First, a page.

The present invention is directed to the effective dispersion of carbon nanotubes (CNTs) into polymer matrices. The nanocomposites are prepared using polymer matrices and exhibit a unique combination of properties, most notably, high retention of optical transparency in the visible range (i.e., 400-800 nm), electrical conductivity, and high thermal stability. By appropriate selection of the matrix resin, additional properties such as vacuum ultraviolet radiation resistance, atomic oxygen resistance, high glass transition (T.sub.g) temperatures, and excellent toughness can be attained. The resulting nanocomposites can be used to fabricate or formulate a variety of articles such as coatings on a variety of substrates, films, foams, fibers, threads, adhesives and fiber coated prepreg. The properties of the nanocomposites can be adjusted by selection of the polymer matrix and CNT to fabricate articles that possess high optical transparency and antistatic behavior.

  20. Genetic aspects of milk electrical conductivity in Italian Brown cattle

    Directory of Open Access Journals (Sweden)

    Martino Cassandro

    2010-01-01

    Full Text Available Electrical conductivity (EC of milk is defined as an indicator of the udder health. The EC is a low cost and easy recordable information in dairy herds with automatic milking systems. The heritability of EC showed to be higher than somatic cell count and for this reason might be an useful trait for indirect selection for mastitis resistance. The heritability for EC in Italian Brown cattle was equal to 0.23. Therefore, EC could be useful not only for dairy cows management but also for selection of dairy cows. The high correlation between breeding values for SCC and EC is promising in order for improving mastitis resistance and functional ability of dairy cows.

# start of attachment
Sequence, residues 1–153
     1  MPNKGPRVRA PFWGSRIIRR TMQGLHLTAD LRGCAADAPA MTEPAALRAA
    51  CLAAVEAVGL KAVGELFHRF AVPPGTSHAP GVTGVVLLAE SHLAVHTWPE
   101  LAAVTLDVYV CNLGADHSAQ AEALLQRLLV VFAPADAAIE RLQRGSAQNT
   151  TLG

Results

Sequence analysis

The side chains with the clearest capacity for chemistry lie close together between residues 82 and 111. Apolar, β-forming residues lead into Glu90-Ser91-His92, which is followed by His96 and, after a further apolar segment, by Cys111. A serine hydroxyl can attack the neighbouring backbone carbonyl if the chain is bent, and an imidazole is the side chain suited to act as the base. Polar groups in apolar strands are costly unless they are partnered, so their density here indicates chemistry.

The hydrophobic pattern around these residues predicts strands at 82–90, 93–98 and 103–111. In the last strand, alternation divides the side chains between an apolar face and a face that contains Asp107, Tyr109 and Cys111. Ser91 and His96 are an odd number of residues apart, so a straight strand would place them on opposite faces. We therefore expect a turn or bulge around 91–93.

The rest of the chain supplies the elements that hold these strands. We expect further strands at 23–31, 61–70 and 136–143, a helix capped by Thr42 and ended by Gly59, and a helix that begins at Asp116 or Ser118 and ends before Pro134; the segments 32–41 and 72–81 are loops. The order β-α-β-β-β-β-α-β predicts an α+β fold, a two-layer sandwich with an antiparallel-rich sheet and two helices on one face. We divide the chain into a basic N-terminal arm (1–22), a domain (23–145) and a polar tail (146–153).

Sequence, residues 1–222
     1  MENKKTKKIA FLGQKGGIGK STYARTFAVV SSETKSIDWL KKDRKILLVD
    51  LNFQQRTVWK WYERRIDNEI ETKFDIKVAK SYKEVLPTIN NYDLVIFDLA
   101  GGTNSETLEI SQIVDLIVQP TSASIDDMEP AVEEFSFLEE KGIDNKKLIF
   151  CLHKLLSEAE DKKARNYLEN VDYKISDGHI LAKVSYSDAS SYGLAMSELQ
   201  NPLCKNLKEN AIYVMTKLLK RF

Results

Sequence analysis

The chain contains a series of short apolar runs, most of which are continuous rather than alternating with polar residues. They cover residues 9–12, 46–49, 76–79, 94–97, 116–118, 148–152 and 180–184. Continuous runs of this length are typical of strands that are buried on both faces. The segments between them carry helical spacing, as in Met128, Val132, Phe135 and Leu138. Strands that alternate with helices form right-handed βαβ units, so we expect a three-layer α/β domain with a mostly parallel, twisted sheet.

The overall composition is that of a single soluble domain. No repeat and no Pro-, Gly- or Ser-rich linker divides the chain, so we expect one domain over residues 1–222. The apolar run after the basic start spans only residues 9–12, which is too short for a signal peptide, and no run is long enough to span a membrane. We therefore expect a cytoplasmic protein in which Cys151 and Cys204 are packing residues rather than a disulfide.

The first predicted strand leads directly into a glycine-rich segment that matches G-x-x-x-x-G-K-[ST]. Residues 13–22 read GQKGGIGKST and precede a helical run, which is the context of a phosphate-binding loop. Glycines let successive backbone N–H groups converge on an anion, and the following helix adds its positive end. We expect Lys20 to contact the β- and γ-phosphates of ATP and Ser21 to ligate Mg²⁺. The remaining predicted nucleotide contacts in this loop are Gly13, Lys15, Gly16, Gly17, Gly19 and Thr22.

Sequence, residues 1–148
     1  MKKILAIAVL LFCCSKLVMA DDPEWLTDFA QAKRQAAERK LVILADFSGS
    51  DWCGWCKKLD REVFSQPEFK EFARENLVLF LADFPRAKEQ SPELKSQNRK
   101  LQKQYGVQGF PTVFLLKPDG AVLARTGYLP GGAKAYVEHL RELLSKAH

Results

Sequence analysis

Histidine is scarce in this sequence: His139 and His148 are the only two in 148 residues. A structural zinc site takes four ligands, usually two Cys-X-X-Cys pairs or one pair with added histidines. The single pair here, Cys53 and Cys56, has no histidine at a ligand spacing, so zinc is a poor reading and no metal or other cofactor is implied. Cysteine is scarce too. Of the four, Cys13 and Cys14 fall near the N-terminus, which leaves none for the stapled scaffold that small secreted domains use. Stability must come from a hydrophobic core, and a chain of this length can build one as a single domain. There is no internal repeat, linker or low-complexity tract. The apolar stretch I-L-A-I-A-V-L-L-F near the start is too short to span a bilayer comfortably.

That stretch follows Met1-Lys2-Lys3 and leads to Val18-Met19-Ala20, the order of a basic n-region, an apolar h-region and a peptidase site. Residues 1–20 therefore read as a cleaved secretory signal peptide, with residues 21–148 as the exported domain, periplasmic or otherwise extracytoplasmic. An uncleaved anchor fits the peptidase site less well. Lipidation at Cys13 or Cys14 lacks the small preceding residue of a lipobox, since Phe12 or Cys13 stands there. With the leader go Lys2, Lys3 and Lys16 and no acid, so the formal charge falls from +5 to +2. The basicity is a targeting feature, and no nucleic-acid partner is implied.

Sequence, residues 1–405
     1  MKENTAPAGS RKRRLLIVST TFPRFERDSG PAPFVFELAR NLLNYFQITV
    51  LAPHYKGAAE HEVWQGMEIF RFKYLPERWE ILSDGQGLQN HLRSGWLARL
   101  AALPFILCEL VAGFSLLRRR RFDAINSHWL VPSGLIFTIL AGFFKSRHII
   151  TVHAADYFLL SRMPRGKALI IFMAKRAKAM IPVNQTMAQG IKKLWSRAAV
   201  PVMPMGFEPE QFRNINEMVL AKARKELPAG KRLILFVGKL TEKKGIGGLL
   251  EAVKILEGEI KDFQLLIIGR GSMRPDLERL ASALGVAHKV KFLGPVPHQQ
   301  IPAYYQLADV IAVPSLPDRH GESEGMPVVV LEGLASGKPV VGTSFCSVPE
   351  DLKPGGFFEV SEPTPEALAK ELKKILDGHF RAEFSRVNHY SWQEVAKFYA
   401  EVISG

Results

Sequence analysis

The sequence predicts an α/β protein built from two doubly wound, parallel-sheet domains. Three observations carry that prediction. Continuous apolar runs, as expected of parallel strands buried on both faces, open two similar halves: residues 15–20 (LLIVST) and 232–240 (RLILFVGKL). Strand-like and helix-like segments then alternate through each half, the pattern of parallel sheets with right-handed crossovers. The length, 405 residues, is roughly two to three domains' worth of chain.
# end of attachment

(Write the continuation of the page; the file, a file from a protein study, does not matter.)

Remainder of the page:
1. Routing Physarum with electrical flow/current

    CERN Document Server

    Tsuda, Soichiro; Adamatzky, Andrew; Mills, Jonathan

    2012-01-01

    Plasmodium stage of Physarum polycephalum behaves as a distributed dynamical pattern formation mechanism who's foraging and migration is influenced by local stimuli from a wide range of attractants and repellents. Complex protoplasmic tube network structures are formed as a result, which serve as efficient `circuits' by which nutrients are distributed to all parts of the organism. We investigate whether this `bottom-up' circuit routing method may be harnessed in a controllable manner as a possible alternative to conventional template-based circuit design. We interfaced the plasmodium of Physarum polycephalum to the planar surface of the spatially represented computing device, (Mills' Extended Analog Computer, or EAC), implemented as a sheet of analog computing material whose behaviour is input and read by a regular 5x5 array of electrodes. We presented a pattern of current distribution to the array and found that we were able to select the directional migration of the plasmodium growth front by exploiting pla...

  2. Large apparent electric size of solid-state nanopores due to spatially extended surface conduction.

    Science.gov (United States)

    Lee, Choongyeop; Joly, Laurent; Siria, Alessandro; Biance, Anne-Laure; Fulcrand, Rémy; Bocquet, Lydéric

    2012-08-08

    Ion transport through nanopores drilled in thin membranes is central to numerous applications, including biosensing and ion selective membranes. This paper reports experiments, numerical calculations, and theoretical predictions demonstrating an unexpectedly large ionic conduction in solid-state nanopores, taking its origin in anomalous entrance effects. In contrast to naive expectations based on analogies with electric circuits, the surface conductance inside the nanopore is shown to perturb the three-dimensional electric current streamlines far outside the nanopore in order to meet charge conservation at the pore entrance. This unexpected contribution to the ionic conductance can be interpreted in terms of an apparent electric size of the solid-state nanopore, which is much larger than its geometric counterpart whenever the number of charges carried by the nanopore surface exceeds its bulk counterpart. This apparent electric size, which can reach hundreds of nanometers, can have a major impact on the electrical detection of translocation events through nanopores, as well as for ionic transport in biological nanopores.

  3. Semiconductor structures having electrically insulating and conducting portions formed from an AlSb-alloy layer

    Science.gov (United States)

    Spahn, Olga B.; Lear, Kevin L.

    1998-01-01